Burns in the elderly continue to be a challenge despite advances in burn wound care management. Elderly burn patients continue to have poor outcomes compared to the younger population. This is secondary to changes in the quality of the aged skin, leading to impaired wound healing, aggravated immunologic and inflammatory responses, and age-related comorbidities. Considering the fast-growing elderly population, it is imperative to understand the anatomic, physiologic, and molecular changes of the aging skin and the mechanisms involved in their wound healing process to prevent complications associated with burn wounds. Various studies have shown that stem cell-based therapies improve the rate and quality of wound healing and skin regeneration; however, the focus is on the younger population. In this paper, we start with an anatomical, physiological and molecular dissection of the elderly skin to understand why wound healing is delayed. We then review the potential use of stem cells in elderly burn wounds, as well as the mechanisms by which mesenchymal stem cell (MSCs)-based therapies may impact burn wound healing in the elderly. MSCs improve burn wound healing by stimulating and augmenting growth factor secretion and cell proliferation, and by modulating the impaired elderly immune response. MSCs can be used to expedite healing in superficial partial thickness burns and donor site wounds, improve graft take and prevent graft breakdown. Full article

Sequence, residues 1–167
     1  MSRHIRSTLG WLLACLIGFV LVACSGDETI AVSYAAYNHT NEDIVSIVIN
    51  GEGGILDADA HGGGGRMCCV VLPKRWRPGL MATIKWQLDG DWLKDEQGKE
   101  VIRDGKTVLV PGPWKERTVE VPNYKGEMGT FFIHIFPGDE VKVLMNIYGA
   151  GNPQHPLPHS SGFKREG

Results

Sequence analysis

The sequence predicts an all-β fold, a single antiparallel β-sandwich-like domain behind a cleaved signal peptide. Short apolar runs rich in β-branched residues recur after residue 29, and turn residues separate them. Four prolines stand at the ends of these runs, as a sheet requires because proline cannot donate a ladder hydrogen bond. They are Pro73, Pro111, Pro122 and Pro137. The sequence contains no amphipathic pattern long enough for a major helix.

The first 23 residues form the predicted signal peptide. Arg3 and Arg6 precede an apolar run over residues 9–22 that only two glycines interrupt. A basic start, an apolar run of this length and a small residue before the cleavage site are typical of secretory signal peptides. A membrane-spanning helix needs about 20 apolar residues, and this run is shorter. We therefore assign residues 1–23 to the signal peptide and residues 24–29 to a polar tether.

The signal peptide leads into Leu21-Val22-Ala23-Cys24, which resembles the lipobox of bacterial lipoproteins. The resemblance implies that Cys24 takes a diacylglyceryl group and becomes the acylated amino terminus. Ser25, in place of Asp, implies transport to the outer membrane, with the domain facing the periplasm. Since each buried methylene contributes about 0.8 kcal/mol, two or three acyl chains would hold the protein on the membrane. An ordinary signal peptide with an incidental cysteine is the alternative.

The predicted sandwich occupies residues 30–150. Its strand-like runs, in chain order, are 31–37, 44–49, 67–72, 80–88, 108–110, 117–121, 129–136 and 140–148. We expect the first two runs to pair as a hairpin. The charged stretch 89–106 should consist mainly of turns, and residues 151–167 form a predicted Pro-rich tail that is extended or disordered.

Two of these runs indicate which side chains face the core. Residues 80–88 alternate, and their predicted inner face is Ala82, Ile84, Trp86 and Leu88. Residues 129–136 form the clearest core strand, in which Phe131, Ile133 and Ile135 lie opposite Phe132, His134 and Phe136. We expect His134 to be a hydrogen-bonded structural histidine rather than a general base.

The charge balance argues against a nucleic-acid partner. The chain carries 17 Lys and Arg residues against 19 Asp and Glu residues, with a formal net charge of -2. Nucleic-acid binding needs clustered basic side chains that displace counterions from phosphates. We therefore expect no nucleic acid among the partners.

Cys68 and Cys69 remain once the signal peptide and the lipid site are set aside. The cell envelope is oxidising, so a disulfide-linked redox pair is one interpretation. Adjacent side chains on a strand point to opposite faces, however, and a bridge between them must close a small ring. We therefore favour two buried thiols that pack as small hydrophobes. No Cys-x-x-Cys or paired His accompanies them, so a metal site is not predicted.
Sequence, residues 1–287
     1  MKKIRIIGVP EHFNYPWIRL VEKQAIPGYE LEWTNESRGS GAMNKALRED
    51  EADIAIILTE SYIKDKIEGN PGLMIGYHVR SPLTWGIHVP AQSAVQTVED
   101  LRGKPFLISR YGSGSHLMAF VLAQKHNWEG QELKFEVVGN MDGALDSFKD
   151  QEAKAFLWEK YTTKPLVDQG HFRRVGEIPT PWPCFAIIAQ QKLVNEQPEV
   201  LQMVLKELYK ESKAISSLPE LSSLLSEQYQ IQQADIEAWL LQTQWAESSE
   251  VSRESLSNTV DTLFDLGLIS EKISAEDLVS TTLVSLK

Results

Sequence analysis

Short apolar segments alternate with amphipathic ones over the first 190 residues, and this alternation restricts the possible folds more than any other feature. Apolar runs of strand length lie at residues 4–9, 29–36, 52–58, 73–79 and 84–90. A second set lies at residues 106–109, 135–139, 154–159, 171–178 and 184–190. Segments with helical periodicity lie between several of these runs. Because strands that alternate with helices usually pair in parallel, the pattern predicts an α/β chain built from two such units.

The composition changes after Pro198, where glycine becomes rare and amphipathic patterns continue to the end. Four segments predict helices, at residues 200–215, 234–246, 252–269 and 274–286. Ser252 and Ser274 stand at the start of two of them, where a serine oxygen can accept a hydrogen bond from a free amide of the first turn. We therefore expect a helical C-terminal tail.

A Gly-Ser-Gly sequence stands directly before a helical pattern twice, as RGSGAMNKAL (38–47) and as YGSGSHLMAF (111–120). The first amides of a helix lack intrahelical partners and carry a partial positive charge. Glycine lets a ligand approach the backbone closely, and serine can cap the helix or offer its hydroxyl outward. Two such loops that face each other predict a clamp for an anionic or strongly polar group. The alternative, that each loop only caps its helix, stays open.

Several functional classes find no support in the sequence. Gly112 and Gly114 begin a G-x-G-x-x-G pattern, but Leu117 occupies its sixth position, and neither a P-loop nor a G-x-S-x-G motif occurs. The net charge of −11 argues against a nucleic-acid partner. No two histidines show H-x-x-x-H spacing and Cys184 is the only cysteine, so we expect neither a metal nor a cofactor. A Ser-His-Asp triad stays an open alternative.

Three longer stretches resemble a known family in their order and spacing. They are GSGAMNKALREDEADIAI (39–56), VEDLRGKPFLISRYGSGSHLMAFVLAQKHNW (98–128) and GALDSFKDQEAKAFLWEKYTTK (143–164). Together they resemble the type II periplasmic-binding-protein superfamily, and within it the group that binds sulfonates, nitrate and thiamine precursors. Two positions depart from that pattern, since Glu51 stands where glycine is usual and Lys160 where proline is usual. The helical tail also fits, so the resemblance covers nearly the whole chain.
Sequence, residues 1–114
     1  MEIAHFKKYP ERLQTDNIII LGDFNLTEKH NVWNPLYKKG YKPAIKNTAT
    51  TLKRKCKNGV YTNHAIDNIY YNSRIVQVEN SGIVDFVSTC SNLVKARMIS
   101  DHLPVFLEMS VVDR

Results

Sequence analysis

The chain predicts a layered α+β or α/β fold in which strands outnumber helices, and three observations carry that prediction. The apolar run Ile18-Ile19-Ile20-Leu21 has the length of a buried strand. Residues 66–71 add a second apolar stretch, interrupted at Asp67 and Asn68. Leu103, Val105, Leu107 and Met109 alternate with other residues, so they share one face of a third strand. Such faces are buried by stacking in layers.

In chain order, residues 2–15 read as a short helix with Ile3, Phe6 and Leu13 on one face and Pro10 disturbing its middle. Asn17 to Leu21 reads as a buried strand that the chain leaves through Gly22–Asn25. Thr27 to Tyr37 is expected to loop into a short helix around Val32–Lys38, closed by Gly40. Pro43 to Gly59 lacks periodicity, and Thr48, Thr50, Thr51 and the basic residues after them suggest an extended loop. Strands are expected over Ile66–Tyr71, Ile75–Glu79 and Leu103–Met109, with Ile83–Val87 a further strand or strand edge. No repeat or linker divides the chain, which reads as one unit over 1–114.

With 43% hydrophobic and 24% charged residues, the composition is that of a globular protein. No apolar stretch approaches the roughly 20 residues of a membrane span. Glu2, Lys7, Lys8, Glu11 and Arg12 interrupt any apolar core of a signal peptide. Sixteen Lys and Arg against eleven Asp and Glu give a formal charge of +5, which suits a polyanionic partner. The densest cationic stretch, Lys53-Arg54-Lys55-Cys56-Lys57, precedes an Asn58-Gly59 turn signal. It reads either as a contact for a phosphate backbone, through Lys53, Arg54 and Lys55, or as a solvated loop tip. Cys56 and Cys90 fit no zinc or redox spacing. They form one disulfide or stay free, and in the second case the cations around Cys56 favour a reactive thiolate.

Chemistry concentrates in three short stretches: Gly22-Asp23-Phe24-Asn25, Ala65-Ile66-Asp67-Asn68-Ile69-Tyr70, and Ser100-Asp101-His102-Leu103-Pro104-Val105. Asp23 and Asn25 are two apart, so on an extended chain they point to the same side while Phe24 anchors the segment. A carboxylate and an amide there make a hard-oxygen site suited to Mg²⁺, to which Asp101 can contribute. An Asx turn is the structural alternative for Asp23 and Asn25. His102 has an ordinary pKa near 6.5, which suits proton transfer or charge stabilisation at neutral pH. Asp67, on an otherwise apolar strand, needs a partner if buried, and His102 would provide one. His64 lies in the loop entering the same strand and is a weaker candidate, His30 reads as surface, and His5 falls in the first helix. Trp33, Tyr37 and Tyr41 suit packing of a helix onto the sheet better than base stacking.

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Open AccessReview
Post-Burn Pruritus
Int. J. Mol. Sci. 2020, 21(11), 3880; https://0-doi-org.brum.beds.ac.uk/10.3390/ijms21113880 - 29 May 2020
Cited by 3
Abstract
Post-burn pruritus is the pruritus that occurs after burn during the rehabilitation and healing process of burn wounds. The post-burn pruritus is a common and serious complication of burn injury, which severely lowers the quality of life of the patient. Many potential treatments [...] Read more.